Will technology kill book publishing? Not even close

News, trends, and the future of publishing
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steve
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Re: Will technology kill book publishing? Not even close

Post by steve » November 26th, 2010, 1:43 pm

Publishers Gauge Whether Readers Will Pay More for Augmented Versions of Digital Tomes
Jane Leavy's biography of Mickey Mantle, "The Last Boy: Mickey Mantle and the End of America's Childhood," has been a best seller for more than month, selling nearly 100,000 copies.

But will its success as a hardcover translate into more sales as a $16.99 enhanced e-book complete with 30 minutes of video? The eight videos include two color stick-figure representations of the late Mr. Mantle's swing as a left-handed batter and a right-handed batter. A traditional e-book edition has sold more than 9,000 copies.

"When both digital editions are available, and consumers are given the choice, in half the cases they'll pay more for extra content," said Ana Maria Allessi, publisher of HarperMedia, a unit of News Corp.'s HarperCollins Publishers Inc. News Corp. also owns The Wall Street Journal.
Read one of the best stories by Borges.

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Re: Will technology kill book publishing? Not even close

Post by Margo » November 26th, 2010, 9:38 pm

I agree that if I were an e-book person faced with that choice I would choose the enhanced material, provided it's nonfiction. If it's fiction, I don't want the additional media. I want to supply that through my own imagination, another reason why I don't like lots of illustrations in fiction. Imagination: why I read a novel instead of going to see a movie.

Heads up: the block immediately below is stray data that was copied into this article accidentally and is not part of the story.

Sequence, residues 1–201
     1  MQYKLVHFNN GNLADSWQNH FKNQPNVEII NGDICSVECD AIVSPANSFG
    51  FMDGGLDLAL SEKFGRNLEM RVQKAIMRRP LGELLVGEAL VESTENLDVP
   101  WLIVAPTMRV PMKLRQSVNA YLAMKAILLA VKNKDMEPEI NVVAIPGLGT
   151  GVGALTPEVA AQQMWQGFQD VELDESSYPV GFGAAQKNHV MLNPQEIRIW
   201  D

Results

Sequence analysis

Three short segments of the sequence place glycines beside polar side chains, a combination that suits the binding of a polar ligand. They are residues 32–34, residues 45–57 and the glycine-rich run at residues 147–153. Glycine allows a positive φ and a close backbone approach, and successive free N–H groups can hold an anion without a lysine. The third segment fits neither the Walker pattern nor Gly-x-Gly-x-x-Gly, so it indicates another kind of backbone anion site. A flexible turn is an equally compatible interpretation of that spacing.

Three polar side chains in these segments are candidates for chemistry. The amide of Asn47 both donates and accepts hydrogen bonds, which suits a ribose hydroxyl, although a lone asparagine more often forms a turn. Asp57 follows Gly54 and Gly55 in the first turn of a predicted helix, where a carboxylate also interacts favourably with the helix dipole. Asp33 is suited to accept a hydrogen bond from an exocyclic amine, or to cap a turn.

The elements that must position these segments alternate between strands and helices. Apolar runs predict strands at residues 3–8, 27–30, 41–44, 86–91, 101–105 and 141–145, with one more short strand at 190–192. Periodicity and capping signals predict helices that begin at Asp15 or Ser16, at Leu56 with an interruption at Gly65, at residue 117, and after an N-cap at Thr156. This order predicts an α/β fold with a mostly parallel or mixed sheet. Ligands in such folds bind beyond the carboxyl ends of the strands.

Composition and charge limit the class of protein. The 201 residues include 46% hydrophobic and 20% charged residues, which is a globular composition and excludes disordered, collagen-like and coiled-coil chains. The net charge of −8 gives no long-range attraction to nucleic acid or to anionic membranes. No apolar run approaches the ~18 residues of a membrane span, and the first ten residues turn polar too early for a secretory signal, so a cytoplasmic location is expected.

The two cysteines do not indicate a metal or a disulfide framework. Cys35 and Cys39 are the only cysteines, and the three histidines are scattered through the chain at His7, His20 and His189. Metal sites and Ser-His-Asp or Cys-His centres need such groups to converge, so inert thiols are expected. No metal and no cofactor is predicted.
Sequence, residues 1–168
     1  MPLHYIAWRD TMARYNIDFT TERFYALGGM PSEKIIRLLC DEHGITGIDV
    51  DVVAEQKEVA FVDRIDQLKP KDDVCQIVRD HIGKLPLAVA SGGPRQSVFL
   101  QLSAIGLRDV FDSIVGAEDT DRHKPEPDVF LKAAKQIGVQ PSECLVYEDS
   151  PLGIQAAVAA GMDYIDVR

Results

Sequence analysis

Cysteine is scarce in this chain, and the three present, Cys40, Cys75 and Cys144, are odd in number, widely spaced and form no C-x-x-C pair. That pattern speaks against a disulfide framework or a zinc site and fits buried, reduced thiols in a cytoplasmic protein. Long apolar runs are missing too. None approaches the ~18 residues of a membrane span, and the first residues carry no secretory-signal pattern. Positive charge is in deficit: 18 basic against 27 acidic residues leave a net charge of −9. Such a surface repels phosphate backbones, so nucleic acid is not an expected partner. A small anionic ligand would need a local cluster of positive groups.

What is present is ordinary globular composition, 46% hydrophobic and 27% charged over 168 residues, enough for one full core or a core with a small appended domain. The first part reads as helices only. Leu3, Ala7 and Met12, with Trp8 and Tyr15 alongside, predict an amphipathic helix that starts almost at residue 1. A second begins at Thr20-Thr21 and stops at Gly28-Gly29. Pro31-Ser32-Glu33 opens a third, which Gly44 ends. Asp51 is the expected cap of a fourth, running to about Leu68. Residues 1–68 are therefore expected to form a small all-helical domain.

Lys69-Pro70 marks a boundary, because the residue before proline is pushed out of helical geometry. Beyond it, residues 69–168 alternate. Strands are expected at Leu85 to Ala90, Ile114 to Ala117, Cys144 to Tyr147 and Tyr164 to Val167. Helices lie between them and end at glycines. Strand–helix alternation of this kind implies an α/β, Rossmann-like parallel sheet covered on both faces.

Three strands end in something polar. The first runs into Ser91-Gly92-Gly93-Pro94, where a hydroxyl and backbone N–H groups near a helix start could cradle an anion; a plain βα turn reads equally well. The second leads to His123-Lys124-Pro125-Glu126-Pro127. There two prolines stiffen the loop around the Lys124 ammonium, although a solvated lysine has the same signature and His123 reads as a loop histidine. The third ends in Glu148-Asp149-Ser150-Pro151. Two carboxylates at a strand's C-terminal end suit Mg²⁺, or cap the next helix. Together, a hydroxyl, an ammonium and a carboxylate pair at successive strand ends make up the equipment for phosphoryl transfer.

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Mira
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Re: Will technology kill book publishing? Not even close

Post by Mira » November 27th, 2010, 5:40 pm

steve wrote:Publishers Gauge Whether Readers Will Pay More for Augmented Versions of Digital Tomes
Jane Leavy's biography of Mickey Mantle, "The Last Boy: Mickey Mantle and the End of America's Childhood," has been a best seller for more than month, selling nearly 100,000 copies.

But will its success as a hardcover translate into more sales as a $16.99 enhanced e-book complete with 30 minutes of video? The eight videos include two color stick-figure representations of the late Mr. Mantle's swing as a left-handed batter and a right-handed batter. A traditional e-book edition has sold more than 9,000 copies.

"When both digital editions are available, and consumers are given the choice, in half the cases they'll pay more for extra content," said Ana Maria Allessi, publisher of HarperMedia, a unit of News Corp.'s HarperCollins Publishers Inc. News Corp. also owns The Wall Street Journal.
Smart. This is really interesting. I'll be interested to hear whether the book does well in it's enhanced version. I suspect it will.

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Watcher55
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Re: Will technology kill book publishing? Not even close

Post by Watcher55 » November 27th, 2010, 9:11 pm

Great discussion and lots of good points, but I have to confess that for me there is a degree of nostalgia involved and I compare ebooks to cassette tapes and CD’s. Without a doubt they’re superior to vinyl, but I was bummed because I miss the experience of holding the black platter between both hands and blowing off the dust before setting it on the turntable. I missed the static-y thump of the needle and the hissing overture as it made its way to the more tightly wound grooves made by the artists’ work. Most of all I missed the cover art that you didn’t have to squint to see. I used to leave my albums laying around just so I could look at them.

Reading a book holds the same type of tactile and sensory experiences that can’t be replaced; the crack of a new spine, the smell of new paper and ink and the feel of crisp pages between my fingers. And yes, I leave books laying around just so I look at the cover art.

Superior is better, but it’s seldom as much fun.

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